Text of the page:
Russia's bluster over International Space Station
Recently, Russia insinuated that it was planning on leaving the International Space Station after 2024. NASA and Roscosmos have worked together since its inception to keep the station in orbit since the first ISS component was launched in 1998, despite whatever political climate exists. The Russians have walked back this threat somewhat, but it leaves the question, what happens if they decide to abandon the ISS?
Chris Combs is a Dee Howard faculty fellow and assistant professor in the Department of Mechanical Engineering at the University of Texas at San Antonio and an expert on ISS operations.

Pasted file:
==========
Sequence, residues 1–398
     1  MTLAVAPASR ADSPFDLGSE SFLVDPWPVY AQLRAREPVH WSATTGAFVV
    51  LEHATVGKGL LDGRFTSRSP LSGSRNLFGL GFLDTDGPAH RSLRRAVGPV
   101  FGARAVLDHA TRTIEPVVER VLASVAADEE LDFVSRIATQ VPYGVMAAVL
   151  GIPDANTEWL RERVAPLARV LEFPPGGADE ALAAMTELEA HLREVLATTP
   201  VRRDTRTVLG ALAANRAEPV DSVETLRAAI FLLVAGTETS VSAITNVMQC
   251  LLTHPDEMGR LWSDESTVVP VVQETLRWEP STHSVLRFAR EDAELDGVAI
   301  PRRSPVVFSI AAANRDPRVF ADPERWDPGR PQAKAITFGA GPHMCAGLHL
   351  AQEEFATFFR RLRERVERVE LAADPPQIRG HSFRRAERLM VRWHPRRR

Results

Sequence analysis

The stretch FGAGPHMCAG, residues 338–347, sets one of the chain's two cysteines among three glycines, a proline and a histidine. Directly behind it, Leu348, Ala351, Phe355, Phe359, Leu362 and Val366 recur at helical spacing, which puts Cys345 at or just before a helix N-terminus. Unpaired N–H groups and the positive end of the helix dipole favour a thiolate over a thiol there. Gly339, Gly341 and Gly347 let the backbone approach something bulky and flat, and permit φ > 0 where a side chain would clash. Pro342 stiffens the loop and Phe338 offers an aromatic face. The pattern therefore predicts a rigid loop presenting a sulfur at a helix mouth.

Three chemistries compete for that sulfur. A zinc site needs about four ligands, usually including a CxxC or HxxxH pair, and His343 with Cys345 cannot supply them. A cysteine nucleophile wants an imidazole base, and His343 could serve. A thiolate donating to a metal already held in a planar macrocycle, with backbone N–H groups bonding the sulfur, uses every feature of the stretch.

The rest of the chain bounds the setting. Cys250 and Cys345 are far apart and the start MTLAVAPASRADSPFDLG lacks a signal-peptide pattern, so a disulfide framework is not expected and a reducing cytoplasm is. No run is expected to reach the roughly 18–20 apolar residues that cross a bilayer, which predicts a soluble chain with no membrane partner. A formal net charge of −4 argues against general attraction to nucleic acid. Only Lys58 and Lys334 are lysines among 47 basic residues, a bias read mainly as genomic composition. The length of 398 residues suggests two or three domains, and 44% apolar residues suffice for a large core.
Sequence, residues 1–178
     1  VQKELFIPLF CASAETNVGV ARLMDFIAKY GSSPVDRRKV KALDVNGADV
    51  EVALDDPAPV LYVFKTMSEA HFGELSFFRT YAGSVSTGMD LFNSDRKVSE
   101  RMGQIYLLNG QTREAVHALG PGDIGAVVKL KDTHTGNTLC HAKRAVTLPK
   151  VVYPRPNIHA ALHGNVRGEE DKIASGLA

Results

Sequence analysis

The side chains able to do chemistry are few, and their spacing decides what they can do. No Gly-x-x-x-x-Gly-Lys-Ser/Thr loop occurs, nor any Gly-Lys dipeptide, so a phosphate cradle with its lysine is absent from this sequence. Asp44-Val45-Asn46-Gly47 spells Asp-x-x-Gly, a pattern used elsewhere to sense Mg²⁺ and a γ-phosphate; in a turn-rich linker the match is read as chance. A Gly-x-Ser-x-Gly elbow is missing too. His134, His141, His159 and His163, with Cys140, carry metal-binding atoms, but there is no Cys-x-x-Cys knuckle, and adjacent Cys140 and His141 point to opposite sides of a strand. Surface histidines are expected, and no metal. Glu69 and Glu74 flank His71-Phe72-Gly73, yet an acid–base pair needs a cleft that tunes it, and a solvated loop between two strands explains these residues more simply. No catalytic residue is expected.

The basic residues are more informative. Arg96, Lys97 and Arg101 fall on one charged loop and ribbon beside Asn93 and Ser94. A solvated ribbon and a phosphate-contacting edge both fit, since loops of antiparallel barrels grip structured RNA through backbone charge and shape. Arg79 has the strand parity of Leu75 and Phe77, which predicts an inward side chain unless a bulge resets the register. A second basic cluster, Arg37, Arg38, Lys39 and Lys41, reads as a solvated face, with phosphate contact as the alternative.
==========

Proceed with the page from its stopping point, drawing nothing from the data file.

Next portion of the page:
He spoke to TPR’s Jerry Clayton about the Russian’s threat to leave the ISS. This conversation has been condensed and edited for clarity.
Clayton: Now, first of all, do you believe the Russians?
Combs: No, I don't. I don't believe what they're saying. This is a threat that they've been making for a while now. It always felt empty. It always felt pretty hollow because, first of all, from a logistical standpoint,
Chris Combs, an assistant professor in the Department of Mechanical Engineering at UTSA, shares about Russia’s threat to leave the ISS.